Washington, D.C. June 22, 2016 – Today, the U.S. Department of Justice filed a Notice of Supplemental Authority in a pending False Claims Act case, U.S. ex rel. Westrick v. Second Chance Body Armor, et al., No. 04-0280 (D.D.C.), setting forth the DOJ’s official position on the impact of the Supreme Court’s unanimous decision announced last week in Universal Health Services, Inc. v. United States ex rel. Escobar, 579 U.S. ___, slip op. No. 15-7 (June 16, 2016). In its filing today, the DOJ argues that the Supreme Court’s unanimous decision in Escobar discussion that a contractor’s “misleading half-truths” to the government “unequivocally supports the United States’ argument” in the Westrick case that Toyobo Co. Lt. and Toyobo America, Inc. (collectively Toyobo) “had a legal duty to disclose” its knowledge that the degradation of Zylon bullet-proof vests that it sold to the government “contradicted Toyobo’s misrepresentations about the superiority” of those vests.
Stephen M. Kohn and David K Colapinto who together with Michael D. Kohn filed an amicus brief in Escobar on behalf of the National Whistleblower Center, also represent Dr. Aaron Westrick, the whistleblower in the Westrick case.
The Supreme Court’s unanimous decision in Escobar in favor of a whistleblower was widely reported last week and has been the subject of many blog posts on both sides of the issue. We reported that that this 8-0 decision was a “big win for whistleblowers.” See Nataleigh Kohn, “Big Win for Whistleblowers at Supreme Court” (June 16, 2016).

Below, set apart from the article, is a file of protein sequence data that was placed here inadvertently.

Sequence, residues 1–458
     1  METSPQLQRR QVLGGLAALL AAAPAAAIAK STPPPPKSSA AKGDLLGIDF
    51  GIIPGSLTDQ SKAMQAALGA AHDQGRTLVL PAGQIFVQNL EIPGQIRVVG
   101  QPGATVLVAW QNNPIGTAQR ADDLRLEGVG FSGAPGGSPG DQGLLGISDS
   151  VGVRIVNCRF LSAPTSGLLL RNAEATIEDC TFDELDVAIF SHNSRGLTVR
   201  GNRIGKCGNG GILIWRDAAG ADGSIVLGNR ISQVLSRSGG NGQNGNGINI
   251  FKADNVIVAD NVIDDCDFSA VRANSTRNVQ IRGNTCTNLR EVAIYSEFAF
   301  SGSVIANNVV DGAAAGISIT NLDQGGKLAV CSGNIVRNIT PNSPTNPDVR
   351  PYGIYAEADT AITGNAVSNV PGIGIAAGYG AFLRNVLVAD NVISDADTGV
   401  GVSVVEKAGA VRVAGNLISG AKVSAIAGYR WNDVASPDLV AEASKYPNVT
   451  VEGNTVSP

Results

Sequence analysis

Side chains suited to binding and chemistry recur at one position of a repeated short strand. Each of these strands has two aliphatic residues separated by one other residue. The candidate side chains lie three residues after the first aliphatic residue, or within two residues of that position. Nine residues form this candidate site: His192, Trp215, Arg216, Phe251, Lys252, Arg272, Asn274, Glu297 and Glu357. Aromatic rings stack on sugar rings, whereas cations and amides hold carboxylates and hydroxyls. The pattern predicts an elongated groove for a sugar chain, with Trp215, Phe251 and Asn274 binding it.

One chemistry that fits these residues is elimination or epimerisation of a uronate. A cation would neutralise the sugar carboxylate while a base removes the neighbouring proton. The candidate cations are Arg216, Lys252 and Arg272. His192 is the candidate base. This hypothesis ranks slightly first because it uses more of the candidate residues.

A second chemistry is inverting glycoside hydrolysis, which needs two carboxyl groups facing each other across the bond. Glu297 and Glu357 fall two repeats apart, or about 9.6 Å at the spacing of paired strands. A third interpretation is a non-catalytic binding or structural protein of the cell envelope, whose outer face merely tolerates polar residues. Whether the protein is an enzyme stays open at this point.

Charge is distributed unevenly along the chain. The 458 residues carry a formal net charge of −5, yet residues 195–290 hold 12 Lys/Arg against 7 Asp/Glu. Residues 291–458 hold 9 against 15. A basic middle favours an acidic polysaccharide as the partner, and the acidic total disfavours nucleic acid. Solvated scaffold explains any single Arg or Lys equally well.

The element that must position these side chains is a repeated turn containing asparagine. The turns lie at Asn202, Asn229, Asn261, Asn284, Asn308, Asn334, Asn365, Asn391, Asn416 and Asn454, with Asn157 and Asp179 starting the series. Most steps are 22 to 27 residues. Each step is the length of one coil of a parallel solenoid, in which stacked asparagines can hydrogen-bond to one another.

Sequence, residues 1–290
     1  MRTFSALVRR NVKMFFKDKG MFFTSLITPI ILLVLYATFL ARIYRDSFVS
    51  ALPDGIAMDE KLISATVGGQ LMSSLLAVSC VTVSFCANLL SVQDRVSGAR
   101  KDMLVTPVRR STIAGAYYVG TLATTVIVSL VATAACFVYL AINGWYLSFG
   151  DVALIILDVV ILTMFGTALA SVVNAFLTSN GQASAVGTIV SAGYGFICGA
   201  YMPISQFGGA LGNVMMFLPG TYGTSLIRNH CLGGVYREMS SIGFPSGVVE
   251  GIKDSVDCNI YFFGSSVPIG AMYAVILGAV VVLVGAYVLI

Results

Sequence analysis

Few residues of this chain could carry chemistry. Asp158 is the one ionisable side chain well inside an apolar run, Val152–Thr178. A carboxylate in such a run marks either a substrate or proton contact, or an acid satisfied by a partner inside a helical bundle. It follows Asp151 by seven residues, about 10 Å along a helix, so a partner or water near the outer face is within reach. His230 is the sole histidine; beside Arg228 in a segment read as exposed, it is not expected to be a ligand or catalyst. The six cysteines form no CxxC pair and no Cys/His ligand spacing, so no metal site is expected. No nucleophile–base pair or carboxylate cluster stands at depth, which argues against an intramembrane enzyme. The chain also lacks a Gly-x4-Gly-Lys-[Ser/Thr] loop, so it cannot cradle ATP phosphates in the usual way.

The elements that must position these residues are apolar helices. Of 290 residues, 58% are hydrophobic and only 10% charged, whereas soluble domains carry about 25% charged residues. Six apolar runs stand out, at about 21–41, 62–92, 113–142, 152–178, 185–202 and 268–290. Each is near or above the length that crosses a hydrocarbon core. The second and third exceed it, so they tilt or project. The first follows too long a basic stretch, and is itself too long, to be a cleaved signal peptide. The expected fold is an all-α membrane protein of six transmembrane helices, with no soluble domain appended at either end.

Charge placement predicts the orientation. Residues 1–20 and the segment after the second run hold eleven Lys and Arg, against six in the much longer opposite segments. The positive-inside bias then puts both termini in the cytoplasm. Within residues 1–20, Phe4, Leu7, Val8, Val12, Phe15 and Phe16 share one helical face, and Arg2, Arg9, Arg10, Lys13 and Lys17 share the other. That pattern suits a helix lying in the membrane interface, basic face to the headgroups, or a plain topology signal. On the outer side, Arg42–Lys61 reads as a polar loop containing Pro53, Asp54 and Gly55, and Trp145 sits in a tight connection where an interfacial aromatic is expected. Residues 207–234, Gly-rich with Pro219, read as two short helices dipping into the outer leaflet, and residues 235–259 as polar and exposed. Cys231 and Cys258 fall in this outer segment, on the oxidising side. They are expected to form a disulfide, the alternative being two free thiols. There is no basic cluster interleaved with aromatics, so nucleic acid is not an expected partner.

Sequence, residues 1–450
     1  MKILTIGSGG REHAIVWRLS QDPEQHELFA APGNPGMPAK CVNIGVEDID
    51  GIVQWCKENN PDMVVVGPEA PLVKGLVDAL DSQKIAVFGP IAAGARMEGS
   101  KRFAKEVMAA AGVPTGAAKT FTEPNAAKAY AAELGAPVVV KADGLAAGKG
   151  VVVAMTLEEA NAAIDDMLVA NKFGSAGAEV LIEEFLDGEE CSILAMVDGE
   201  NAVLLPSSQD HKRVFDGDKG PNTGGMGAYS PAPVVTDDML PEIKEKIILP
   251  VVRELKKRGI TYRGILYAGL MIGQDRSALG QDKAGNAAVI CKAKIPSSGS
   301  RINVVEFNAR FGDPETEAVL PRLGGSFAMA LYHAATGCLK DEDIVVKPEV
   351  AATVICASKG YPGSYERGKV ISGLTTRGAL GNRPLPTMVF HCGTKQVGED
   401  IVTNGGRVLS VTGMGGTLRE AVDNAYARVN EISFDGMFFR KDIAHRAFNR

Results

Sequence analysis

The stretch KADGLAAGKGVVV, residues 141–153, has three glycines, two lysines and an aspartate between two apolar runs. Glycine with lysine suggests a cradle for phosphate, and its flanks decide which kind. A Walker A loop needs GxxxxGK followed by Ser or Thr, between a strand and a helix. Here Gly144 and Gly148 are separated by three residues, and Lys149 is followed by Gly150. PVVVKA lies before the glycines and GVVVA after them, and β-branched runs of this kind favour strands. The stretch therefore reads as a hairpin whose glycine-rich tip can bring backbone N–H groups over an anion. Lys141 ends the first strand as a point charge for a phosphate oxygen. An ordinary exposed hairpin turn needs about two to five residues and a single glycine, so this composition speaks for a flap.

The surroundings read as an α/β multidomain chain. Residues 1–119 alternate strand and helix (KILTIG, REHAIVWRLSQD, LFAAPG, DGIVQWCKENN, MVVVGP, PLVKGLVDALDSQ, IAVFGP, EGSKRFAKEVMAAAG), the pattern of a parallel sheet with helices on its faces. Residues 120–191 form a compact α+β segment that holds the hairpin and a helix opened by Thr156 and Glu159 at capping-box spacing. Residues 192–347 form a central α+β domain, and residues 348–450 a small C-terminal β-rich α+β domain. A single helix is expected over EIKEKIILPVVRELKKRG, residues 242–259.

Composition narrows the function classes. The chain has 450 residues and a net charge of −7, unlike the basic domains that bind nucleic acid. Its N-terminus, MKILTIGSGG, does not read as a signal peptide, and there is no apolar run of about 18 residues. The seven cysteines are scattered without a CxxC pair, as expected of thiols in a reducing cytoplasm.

In its unanimous Escobar decision the Supreme Court rejected arguments raised by the healthcare industry, the U.S. Chamber of Commerce and numerous business groups, that the False Claims Act only prohibited fraud that was “expressly designated” as a “condition of payment.” They had argued that the government should pay bills submitted by unlicensed and unqualified “doctors” even though their misconduct resulted in the death of a child.
The DOJ’s notice of supplemental authority filed in the Westrick case is the first public statement by DOJ on the applicability of the Escobar ruling in a pending False Claims Act case.
DOJ’s position is also consistent with the public statement issued by Senator Chuck Grassley (the principal author of the modern False Claims Act) late last week in reaction to the Supreme Court’s Escobar decision, in which he stated, “It goes without saying that a lie of omission is still a lie.” Senator Grassley also echoed what DOJ is stating today, by commenting that the Escobar ruling “makes clear that entities that knowingly mislead the government through half-truths and lies of omission when conducting business run afoul of the False Claims Act.” Senator Grassley also filed an amicus brief in the Escobar case.
This is the first in a series of blog posts that will examine the impact of the Supreme Court’s 8-0 decision in favor of the whistleblower in Escobar.